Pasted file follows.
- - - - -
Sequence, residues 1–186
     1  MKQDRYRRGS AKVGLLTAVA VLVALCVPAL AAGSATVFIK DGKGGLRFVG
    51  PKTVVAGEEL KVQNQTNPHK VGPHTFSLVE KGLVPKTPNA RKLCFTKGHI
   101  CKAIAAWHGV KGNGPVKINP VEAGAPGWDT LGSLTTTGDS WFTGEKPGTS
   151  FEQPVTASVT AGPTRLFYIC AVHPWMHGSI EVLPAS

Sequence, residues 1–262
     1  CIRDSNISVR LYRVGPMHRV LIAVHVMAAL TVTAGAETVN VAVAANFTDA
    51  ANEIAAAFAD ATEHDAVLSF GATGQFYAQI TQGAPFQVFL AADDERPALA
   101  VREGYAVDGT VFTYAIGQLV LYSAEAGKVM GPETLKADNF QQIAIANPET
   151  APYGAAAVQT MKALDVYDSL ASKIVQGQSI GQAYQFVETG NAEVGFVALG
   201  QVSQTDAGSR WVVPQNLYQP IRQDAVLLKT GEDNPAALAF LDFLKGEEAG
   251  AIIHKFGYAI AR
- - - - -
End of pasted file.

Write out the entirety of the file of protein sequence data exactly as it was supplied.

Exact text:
Sequence, residues 1–186
     1  MKQDRYRRGS AKVGLLTAVA VLVALCVPAL AAGSATVFIK DGKGGLRFVG
    51  PKTVVAGEEL KVQNQTNPHK VGPHTFSLVE KGLVPKTPNA RKLCFTKGHI
   101  CKAIAAWHGV KGNGPVKINP VEAGAPGWDT LGSLTTTGDS WFTGEKPGTS
   151  FEQPVTASVT AGPTRLFYIC AVHPWMHGSI EVLPAS

Sequence, residues 1–262
     1  CIRDSNISVR LYRVGPMHRV LIAVHVMAAL TVTAGAETVN VAVAANFTDA
    51  ANEIAAAFAD ATEHDAVLSF GATGQFYAQI TQGAPFQVFL AADDERPALA
   101  VREGYAVDGT VFTYAIGQLV LYSAEAGKVM GPETLKADNF QQIAIANPET
   151  APYGAAAVQT MKALDVYDSL ASKIVQGQSI GQAYQFVETG NAEVGFVALG
   201  QVSQTDAGSR WVVPQNLYQP IRQDAVLLKT GEDNPAALAF LDFLKGEEAG
   251  AIIHKFGYAI AR